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Pulla (Finnish coffeebread)

My tutor at College, Eeva John, has just left to begin a new role with the Church of England.  She is from Finland originally and so for her farewell party tomorrow I have made Pulla which is a traditional Finnish sweetbread, similar to Brioche but with main difference being the addition of cardamom which adds a beautiful extra dimension to the bread.  The recipe I have used is adapted from one here, which is an adaptation from this book so it’s a few steps away from a truly traditional recipe but last time I made it Eeva seemed to think it tasted pretty authentic!

Ingredients (makes 2 loaves)

550g strong white flour

8g dried yeast (or 15g fresh yeast)

6g salt

100g caster sugar

crushed seeds of 8 cardamom pods

240ml warm milk

eggs (room temperature)

60g unsalted butter

+ egg/milk wash

How to make it (warning – this could take up to four hours so don’t start too late!)

1) Sieve the flour into a large bowl and add the yeast, salt, sugar and cardamom, mix well.

2) Warm the milk in a saucepan and add the butter, stir gently until the butter melts.

3) Add the milk/butter and the eggs to the dry ingredients and mix well, you should end up with quite a sticky dough.

4) Knead the dough for a good 15 minutes until the texture changes and it becomes smooth and less sticky.  For a good tutorial from Richard Bertinet on kneading wet dough see this video from the Guardian.  Your best friend when it comes to wet dough is a dough scraper which you can get for next to nothing from Amazon and will make a world of difference!  Try not to add flour, even if it seems too sticky – remember the golden rule in baking: wetter is better!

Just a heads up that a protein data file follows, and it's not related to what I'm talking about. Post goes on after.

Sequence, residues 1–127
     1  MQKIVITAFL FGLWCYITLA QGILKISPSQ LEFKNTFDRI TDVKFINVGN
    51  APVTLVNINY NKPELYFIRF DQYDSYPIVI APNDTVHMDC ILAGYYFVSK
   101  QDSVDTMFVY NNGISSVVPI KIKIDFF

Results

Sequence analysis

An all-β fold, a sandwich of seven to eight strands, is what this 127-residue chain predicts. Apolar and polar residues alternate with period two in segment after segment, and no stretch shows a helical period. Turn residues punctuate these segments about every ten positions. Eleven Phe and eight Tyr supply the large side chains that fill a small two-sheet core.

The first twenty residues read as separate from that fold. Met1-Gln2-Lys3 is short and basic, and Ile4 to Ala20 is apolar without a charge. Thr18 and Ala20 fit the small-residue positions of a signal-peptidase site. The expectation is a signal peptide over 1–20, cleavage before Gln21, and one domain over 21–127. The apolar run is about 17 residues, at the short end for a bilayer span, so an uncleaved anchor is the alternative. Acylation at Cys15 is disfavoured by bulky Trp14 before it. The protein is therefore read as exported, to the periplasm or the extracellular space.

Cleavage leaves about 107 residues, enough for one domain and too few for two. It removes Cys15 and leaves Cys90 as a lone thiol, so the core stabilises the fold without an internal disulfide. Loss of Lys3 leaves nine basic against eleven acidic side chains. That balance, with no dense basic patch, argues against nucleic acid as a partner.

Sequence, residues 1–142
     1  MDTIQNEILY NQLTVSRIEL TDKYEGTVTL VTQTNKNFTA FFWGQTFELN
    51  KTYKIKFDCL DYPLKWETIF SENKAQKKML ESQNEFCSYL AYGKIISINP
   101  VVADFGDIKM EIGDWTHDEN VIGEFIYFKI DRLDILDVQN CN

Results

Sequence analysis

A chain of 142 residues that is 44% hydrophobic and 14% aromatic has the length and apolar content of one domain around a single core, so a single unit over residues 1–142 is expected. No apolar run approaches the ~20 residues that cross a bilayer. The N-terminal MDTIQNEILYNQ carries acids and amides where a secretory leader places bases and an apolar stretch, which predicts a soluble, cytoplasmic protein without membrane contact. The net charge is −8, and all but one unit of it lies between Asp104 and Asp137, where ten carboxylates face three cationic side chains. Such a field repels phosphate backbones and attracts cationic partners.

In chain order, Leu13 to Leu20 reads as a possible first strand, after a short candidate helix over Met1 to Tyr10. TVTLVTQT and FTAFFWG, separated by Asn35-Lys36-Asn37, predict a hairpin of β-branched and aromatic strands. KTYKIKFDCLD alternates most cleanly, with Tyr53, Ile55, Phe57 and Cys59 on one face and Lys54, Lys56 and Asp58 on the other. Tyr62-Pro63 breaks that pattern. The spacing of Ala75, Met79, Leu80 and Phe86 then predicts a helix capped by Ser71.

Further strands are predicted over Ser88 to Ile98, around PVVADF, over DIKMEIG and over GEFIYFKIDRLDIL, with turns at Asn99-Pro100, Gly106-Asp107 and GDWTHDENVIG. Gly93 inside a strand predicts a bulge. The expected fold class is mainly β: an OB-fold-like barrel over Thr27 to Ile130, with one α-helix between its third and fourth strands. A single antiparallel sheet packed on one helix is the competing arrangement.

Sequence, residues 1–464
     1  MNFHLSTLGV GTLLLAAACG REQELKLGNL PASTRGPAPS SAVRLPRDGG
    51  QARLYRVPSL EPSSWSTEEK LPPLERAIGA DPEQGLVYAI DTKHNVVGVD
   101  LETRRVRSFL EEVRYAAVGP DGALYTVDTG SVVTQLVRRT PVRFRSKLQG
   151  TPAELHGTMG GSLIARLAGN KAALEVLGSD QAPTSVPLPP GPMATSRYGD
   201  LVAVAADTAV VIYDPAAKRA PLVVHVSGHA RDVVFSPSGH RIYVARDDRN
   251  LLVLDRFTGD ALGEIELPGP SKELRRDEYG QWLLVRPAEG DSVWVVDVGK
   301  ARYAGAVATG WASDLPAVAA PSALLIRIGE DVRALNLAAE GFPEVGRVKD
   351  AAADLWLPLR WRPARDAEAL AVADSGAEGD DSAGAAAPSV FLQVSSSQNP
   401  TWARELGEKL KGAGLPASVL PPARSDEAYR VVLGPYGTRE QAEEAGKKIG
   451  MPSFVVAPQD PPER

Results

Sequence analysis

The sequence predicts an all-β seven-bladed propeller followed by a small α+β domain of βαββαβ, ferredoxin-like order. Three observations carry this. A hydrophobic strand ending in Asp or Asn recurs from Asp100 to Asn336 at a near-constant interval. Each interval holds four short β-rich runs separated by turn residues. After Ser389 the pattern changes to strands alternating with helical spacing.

5) Once the dough is well kneaded form it into a ball and place it back into the bowl, cover, I use an inverted (and clean!) bin bag, and leave to rise for an hour or so until it has grown significantly.

6) Once it has risen gently turn it out onto a lightly floured surface and press it down with your fingertips to deflate it.

7) Divide the dough into 2 pieces and then divide each piece into 4 further pieces (you need 4 pieces per loaf).

8) Roll each piece into a long sausage, squeezing out any air bubbles the billow up as you go.  The aim is to get the sausages as long as they will go but they should all be roughly the same length so it is advisable to roll the smallest piece of dough first.

9) Now we come to the (slightly) more complicated part! (this technique is taken from here) lay the strands out with two going each way to form a sort of cross.  The strands should alternate with one going over/under and the other going under/over (see picture)

10) Now for each pair of strands tuck the one that comes out over the top underneath the one that comes out underneath (again see picture for clearer explanation!).

11) Again you have a sort of cross, repeat step 10 with each pair of strands.

12) Keep repeating step 10 until all the strands have been used up and the dough is relatively circular.

13) Gather the edges up into the middle to form a sort of ball, squeeze the ends of the strands together in the middle then flip the ball over and place on a sheet of baking paper (I thoroughly recommend non-stick baking sheets for this).

14) Cover with an upturned mixing bowl and leave to rise for about an hour.

15) Brush lightly with an egg and milk wash then bake in an oven at 180°C for approximately 40 minutes until a skewer inserted into the centre comes out clean.

16) Eat and enjoy!


One response »

  1. I make challah, a similar-looking bread, but never thought to add cardamom–that sounds great!


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